“He’s a good leader,” they said. It wasn’t clear what they meant by “good,” but one could surmise that he supported his employees, helped increase the business, recognized the hard work of his executive team and maintained a decent family life.
Is that how it works? Upstanding guys who make it to executive meetings on time and allow their team full control of projects are good leaders? Do good leaders keep their eye on the bottom line—focused on profit? Do good leaders make it home to dinner, take their kids to dance/karate/music lessons, and take their wives to fancy restaurants now and then?
Being recognized as good isn’t what you want to hear, when you’re in a leadership role. Good, as author Jim Collins will tell you, is the enemy of great. But, in the customer-centric world of business today, being great isn’t enough, either.
“Good enough isn’t good enough because...no one remembers people who just get by” or companies that just get by. You can’t be good or good enough or even great—you must be remarkable.
Dr. Lee Thayer, author of Leadership: Thinking, Being, Doing, and a business mentor of mine, is fond of reminding me that “Most people grew up with too much security. That makes them incompetent to deal with challenges.” Challenges aren’t things like deciding what software to use for bookkeeping or CRM. Challenges aren’t figuring out CRM or Facebook. Challenges come in the form of intrigue, mystery, and hardship. They require fast-thinking, a creative mindset, and confidence. Security is not part of meeting challenges head-on.
Good leaders avoid challenges. Good leaders send a memo to their VP or some other underling, pushing the responsibility off on them. “This will be a good experience for you,” the memo might say. A leader that offers team members and employees ‘good experiences’ solving company challenges is definitely doing them a service. When your followers grapple with the challenges you should be solving, remarkable things happen, for them, not for you.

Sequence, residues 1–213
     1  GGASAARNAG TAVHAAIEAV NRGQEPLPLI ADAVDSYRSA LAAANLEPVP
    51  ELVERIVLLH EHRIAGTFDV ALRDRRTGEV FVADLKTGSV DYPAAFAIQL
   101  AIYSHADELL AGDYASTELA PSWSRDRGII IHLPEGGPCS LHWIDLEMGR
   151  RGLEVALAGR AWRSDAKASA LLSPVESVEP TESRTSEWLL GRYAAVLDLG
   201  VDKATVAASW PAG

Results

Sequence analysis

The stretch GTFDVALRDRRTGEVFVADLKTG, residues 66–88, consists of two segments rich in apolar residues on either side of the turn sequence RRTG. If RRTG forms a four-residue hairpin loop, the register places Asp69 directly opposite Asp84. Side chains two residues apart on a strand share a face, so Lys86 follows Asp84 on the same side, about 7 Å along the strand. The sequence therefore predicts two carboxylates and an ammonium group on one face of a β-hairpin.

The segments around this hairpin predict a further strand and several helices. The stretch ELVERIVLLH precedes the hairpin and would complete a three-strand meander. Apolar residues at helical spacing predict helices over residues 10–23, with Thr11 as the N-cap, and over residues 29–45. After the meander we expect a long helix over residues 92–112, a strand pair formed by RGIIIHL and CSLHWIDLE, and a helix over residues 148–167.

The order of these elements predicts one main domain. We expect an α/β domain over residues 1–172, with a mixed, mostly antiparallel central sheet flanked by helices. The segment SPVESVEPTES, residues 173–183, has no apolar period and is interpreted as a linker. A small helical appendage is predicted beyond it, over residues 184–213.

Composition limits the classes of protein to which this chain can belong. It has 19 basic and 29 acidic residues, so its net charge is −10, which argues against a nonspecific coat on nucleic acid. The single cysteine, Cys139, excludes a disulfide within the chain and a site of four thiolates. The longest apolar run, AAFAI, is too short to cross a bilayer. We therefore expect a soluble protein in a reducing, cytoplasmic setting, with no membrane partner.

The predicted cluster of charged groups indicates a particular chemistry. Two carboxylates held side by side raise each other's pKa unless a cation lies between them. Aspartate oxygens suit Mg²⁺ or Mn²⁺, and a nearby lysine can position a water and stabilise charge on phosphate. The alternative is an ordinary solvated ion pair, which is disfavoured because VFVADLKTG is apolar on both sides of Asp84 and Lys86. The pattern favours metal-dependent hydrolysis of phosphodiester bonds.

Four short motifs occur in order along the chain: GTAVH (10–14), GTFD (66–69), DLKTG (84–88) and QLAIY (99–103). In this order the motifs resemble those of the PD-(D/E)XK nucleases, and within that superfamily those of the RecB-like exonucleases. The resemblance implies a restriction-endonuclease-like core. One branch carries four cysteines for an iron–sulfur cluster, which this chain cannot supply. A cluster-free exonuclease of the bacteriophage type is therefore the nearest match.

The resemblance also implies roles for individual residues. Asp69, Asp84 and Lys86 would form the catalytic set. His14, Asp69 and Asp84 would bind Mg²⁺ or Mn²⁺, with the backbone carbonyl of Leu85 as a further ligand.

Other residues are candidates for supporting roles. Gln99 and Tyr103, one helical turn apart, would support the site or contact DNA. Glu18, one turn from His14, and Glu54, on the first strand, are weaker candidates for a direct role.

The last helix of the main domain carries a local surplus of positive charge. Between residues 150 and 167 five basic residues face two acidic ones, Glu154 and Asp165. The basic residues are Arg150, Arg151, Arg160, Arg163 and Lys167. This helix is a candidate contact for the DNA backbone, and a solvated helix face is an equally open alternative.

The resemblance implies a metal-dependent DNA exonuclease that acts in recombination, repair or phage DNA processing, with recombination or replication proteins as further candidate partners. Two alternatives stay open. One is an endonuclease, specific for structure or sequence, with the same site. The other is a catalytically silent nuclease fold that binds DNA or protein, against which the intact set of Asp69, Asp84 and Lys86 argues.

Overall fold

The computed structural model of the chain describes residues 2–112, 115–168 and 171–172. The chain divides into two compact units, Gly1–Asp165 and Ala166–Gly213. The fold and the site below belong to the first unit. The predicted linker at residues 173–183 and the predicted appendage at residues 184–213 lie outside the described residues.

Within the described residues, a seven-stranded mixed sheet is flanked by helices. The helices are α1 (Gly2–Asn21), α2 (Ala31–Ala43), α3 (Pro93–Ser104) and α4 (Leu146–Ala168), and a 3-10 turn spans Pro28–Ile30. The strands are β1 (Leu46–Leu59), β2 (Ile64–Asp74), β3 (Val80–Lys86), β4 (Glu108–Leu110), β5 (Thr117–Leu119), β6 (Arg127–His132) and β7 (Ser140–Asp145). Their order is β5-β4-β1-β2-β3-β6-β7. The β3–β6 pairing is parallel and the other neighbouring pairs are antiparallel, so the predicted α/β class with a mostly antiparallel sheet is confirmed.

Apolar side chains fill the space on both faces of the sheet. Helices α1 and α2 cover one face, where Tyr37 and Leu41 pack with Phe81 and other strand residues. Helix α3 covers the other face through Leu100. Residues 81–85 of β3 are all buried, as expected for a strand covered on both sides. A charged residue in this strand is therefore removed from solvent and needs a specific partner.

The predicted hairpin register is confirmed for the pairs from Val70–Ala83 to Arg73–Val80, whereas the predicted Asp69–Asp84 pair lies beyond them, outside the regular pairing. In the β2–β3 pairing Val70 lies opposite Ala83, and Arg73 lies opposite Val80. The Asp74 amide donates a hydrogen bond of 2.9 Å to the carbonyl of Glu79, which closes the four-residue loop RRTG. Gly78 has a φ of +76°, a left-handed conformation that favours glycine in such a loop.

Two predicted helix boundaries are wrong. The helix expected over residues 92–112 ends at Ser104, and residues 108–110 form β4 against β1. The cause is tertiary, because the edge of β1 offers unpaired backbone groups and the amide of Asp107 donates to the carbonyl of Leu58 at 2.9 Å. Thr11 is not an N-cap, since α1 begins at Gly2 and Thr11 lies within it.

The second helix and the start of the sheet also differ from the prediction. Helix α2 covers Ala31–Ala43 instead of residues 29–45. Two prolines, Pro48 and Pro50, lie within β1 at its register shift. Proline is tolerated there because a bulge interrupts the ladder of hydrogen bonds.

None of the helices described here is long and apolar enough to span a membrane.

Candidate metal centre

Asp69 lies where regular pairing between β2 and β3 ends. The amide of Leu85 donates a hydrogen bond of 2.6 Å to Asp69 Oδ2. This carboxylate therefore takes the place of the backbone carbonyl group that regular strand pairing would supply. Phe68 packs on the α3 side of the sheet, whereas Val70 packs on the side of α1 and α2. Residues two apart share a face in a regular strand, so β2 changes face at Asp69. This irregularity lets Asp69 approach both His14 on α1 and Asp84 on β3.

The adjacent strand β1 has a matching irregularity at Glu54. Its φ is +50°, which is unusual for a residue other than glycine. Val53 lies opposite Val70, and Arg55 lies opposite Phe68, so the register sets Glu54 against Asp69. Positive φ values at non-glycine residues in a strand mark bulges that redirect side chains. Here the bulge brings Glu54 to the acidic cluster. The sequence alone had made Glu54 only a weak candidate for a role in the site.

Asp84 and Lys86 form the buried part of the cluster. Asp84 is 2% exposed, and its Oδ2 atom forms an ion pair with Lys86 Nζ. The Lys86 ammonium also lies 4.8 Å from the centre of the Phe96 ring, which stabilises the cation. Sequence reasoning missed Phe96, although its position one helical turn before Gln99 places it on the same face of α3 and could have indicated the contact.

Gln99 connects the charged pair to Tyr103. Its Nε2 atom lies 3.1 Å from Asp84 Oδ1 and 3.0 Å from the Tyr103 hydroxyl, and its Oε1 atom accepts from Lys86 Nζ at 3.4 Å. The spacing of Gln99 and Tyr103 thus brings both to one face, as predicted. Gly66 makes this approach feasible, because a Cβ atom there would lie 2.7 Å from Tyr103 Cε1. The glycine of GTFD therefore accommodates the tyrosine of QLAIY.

The Girl Scouts know that challenges are imperative to leadership. “There may be a time when one is called upon to take on challenges greater than one can ever imagine,” they say on the Five Qualities of a Good Leader. Unfortunately, while their advice is sound, they don’t seem to recognize that good isn’t good enough and only remarkable will do.
A favorite quote of mine is, “If you’re not living on the edge, you’re taking up too much space.” Remarkable leaders, exceptional leaders, phenomenal leaders walk that tightrope every day. They aren’t staring at where to place their feet, or wondering how far they’ll fall if they miss a step. They’re looking straight ahead into tomorrow. They don’t hold press conferences to boast about their successes—sorry, Charlie Sheen—and they don’t make it home to dinner every night.
Remarkable leaders are focused on the unexpected. They anticipate the future fully aware that past performance is no guarantee of future success. They spring into action—doing whatever it takes until the result needed is achieved. Remarkable leaders marry women (or men) who understand that being remarkable requires a higher standard of attention—which may leave family members in the lurch now and then.
Can you be a remarkable leader and a good leader? Why not? A truly remarkable leader doesn’t re-invent the wheel when it comes to leadership skill and resolve. A truly remarkable leader understands, as my other business mentor, Bruce Peters says, “It’s not the recipe, it’s the cook.” A remarkable leader may utilize educational training, but those are but blueprints to be referenced and transformed in the pursuit of excellence.
The remarkable leader is an idea architect—redefining business processes on the fly. Their solutions are painted in a myriad of colors. Yes, it’s good to recognize and reward your team. It’s good to be a family man, or woman. It’s good to be human. But, it’s not remarkable.
Remarkable is having business pundits comment on how good you are—while you’re busy cooking up a recipe for success that your peers are afraid to try. Remarkable is more than human.